I have no need to apologize and can not
Complain about the lack of great stuff.
We present this work in honor of the 280th anniversary of the poet’s death.
If you’ve stained your matrimonial life, deceived your creditor,
gained by lies your neighbour’s pasture and field;
if you’ve hurt your fellow-being’s coat of innocence or good reputation,
and with guile rendered yours
the token of the oppressed, which you had taken as a pawn:
Then you must not turn despondent, even though how grave they’d sue you at the court.
Soon only endeavor after an attorney, after one
who bears his good conscience in the manner that
he wears his sleeves, as if a priest’s,
who feels amused as highly by disputes,
instances of taking advantage as by quarrels,
as may feel a man, who’s been out at war,
who’s come to find lots of things to plunder,
one whose heart is full of spitefulness,
whose head of trickery,
his soul full of deceit and daring malice,
who writes seven lines only on one page,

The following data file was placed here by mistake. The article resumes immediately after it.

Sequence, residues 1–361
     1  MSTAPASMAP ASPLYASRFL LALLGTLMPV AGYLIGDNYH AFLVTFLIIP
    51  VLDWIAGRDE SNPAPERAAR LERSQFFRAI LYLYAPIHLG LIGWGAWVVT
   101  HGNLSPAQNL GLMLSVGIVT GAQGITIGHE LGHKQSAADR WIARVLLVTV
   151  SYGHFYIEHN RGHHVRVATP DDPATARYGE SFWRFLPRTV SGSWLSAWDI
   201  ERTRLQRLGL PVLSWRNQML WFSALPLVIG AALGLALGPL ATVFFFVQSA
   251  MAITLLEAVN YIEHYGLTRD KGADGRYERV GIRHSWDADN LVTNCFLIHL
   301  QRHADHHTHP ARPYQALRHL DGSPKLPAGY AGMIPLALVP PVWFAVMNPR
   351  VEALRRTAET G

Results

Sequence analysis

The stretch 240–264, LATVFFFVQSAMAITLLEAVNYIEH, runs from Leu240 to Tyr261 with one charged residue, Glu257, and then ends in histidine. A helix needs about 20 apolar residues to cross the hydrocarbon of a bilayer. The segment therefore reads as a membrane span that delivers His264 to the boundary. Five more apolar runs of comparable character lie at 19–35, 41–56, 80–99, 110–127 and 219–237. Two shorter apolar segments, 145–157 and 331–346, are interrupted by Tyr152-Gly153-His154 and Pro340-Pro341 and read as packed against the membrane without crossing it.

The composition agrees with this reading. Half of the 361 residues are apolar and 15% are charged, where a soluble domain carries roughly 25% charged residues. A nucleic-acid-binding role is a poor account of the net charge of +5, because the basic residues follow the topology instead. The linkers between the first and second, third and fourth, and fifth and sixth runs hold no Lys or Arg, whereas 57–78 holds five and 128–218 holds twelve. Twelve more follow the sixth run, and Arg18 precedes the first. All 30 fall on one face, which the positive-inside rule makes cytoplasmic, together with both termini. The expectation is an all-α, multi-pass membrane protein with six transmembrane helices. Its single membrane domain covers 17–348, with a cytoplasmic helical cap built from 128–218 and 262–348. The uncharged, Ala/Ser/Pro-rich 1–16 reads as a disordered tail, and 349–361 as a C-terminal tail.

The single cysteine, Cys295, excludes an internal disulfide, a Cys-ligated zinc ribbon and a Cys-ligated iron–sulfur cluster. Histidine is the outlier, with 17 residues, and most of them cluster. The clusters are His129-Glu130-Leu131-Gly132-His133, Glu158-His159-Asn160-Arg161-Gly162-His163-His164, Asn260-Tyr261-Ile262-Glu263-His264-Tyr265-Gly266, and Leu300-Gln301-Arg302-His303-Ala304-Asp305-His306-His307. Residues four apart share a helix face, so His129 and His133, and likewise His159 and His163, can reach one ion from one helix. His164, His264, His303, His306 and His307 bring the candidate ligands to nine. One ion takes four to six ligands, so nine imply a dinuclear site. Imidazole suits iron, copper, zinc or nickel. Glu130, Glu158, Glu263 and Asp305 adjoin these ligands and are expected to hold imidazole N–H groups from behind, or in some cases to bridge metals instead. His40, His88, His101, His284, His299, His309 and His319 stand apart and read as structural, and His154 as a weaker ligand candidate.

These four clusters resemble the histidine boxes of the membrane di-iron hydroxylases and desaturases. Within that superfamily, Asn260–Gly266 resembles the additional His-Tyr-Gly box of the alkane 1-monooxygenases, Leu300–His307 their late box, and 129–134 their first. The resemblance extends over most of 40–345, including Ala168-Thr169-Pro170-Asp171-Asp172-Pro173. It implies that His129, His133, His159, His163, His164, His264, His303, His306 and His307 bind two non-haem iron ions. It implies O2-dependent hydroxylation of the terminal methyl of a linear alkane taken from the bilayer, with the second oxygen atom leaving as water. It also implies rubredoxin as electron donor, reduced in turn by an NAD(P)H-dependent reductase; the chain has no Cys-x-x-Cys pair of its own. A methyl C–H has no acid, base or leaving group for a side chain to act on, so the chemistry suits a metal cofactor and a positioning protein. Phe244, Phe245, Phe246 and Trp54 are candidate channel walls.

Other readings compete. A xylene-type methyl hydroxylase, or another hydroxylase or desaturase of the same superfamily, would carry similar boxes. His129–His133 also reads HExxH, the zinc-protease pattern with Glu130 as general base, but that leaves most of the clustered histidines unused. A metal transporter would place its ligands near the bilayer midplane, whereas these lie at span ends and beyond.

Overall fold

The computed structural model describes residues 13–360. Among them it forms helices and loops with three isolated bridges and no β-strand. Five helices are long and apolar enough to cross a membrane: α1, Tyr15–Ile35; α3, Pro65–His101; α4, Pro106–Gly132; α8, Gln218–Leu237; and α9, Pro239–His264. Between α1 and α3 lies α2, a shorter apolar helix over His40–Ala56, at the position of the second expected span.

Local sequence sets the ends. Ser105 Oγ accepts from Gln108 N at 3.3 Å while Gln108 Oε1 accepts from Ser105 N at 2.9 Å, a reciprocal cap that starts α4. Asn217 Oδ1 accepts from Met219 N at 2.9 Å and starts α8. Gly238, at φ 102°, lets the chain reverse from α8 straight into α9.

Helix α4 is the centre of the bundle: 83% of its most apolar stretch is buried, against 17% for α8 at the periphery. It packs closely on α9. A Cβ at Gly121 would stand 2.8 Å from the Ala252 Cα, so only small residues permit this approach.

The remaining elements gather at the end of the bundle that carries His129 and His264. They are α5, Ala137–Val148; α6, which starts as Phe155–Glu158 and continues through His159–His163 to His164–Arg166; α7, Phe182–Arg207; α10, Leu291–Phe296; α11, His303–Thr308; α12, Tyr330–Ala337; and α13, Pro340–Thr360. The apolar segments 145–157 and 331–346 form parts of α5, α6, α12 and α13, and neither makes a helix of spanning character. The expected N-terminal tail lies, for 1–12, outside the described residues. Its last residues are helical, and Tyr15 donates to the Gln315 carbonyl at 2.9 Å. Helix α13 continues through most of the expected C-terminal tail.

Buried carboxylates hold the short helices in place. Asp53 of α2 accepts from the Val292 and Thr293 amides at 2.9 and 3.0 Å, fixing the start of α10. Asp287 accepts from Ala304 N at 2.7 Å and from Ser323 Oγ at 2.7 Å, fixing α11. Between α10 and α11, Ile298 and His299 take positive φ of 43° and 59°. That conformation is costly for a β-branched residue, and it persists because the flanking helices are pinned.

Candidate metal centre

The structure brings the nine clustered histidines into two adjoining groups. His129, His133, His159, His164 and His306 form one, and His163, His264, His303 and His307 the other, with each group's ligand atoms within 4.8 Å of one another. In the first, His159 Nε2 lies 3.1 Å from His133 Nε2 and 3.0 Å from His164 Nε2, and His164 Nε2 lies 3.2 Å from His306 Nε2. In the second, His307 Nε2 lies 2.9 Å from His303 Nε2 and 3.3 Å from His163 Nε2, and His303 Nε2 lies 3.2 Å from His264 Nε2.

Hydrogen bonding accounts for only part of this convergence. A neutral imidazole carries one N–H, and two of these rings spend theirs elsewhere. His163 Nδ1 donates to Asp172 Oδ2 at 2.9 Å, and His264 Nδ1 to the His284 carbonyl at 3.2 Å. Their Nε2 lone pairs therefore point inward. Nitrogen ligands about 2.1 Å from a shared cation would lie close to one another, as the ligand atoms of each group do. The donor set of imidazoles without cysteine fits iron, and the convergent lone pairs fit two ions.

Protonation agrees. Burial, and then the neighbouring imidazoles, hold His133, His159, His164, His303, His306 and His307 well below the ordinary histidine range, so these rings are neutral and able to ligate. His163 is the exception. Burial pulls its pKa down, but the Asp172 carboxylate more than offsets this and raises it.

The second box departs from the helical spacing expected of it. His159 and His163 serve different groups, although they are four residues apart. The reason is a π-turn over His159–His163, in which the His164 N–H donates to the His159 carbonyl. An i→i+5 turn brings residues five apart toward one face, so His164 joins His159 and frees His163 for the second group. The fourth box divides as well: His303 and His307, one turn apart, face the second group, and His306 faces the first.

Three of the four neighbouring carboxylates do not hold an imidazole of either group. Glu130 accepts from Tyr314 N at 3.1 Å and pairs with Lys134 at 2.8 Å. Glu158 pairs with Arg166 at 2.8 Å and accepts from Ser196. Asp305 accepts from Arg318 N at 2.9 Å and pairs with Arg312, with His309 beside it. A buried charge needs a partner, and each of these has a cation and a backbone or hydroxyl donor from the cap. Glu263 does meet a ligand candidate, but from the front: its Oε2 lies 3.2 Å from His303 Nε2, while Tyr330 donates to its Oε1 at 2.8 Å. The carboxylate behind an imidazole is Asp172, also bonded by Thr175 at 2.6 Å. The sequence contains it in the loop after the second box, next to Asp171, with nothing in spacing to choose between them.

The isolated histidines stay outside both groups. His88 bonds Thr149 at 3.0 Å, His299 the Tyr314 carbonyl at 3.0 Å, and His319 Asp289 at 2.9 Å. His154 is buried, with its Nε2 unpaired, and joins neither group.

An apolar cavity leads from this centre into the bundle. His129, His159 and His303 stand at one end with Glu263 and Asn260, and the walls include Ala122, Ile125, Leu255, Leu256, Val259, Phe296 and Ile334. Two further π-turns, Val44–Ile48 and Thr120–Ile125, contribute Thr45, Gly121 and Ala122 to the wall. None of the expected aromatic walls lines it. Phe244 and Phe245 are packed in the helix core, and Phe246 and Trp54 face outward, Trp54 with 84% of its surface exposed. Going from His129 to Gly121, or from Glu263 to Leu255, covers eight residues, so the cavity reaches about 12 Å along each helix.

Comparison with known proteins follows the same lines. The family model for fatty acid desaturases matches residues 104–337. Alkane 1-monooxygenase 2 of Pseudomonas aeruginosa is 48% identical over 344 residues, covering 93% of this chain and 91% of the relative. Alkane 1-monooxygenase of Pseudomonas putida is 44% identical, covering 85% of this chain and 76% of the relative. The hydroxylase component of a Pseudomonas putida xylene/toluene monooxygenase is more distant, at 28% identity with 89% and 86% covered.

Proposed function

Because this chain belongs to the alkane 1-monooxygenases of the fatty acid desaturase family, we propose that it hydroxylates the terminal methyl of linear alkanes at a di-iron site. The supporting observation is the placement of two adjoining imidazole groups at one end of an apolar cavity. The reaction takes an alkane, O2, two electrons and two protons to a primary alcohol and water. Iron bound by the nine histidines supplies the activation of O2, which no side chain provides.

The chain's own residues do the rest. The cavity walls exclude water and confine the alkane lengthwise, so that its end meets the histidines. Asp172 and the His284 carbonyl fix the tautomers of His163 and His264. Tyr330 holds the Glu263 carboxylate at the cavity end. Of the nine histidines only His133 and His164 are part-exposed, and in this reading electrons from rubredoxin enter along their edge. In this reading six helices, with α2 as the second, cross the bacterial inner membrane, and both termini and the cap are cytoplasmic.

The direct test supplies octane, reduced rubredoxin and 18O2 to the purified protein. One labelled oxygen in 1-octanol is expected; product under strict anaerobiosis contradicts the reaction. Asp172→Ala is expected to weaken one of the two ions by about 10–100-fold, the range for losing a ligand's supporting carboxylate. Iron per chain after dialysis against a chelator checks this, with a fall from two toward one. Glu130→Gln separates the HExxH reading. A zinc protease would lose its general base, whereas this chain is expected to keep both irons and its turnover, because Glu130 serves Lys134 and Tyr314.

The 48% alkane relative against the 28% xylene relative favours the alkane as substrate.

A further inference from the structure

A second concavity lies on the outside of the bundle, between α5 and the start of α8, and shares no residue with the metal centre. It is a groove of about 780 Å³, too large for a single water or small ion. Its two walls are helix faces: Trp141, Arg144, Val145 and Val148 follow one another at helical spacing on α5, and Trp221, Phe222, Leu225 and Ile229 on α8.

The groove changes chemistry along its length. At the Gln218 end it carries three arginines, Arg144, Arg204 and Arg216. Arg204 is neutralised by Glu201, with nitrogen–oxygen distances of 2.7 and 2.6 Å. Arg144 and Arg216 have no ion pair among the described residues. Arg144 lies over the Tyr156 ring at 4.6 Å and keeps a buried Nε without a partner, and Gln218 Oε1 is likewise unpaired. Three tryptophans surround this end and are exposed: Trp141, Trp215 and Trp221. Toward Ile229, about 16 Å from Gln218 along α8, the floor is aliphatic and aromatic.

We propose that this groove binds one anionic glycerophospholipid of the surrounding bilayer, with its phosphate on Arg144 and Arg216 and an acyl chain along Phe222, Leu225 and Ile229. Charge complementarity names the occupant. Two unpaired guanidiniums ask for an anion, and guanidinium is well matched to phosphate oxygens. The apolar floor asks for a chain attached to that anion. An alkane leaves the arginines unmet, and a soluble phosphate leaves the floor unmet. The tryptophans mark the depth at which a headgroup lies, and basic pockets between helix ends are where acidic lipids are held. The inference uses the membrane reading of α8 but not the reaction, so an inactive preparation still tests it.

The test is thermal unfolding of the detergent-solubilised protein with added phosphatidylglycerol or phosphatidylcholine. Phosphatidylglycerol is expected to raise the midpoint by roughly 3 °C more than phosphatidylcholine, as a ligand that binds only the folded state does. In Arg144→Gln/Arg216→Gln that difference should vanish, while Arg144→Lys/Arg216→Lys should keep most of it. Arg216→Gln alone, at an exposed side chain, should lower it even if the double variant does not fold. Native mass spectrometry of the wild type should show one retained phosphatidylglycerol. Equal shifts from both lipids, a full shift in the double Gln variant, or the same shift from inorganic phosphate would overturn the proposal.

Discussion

but always swells all his writings into twenty folders,
who produces as many expenditures, as what is desired in every cause of conflict,
as he tosses and turns the procedure
until the case will have gone on for many a good year.
Him you ought to fill his bent hands with golden treasures from Ophir,
then soon will he lash out and hit on the rights of the opposite party;
then even turn to the counterpart’s and win that attorney’s favor, too;
bestow him a gift of a stately piece to wear,
a staunch and fat pig,
a barrelful of grape wine, as well as other nice things,
thus you will make that one mild and
he’ll be favouring you, too.
Likewise go and see the judge, and fill his hand –
wild men at hand – with gold from the Hungarian land.
And should he refrain from taking your things; then give them to his wife,
damask, silk and velvet for her body,
ribbons, laces, linen, and furs for her petticoats,
Fill up their store-rooms and kitchen house;
thus you’ll gain for any pending case more time,
your attorney will put things off,
your judge procrastinate them;
although how hard your opponent might attempt to see the final verdict coming.
Should he complain, o dear, tired of all the payments,
asking for justice at long last,
then it will be pointed out:
‘you have no rights.
He who’s been sparing the money shall always be the winner.’
Light of light, O Sun of heaven,
O Thou bright and morning Star,
To mankind in mercy given,
Send Thy radiance from afar,
Bringing light to all the earth,
Health and strength, and joy and mirth;
Darkness past, the dawn is breaking,
All creation is awaking.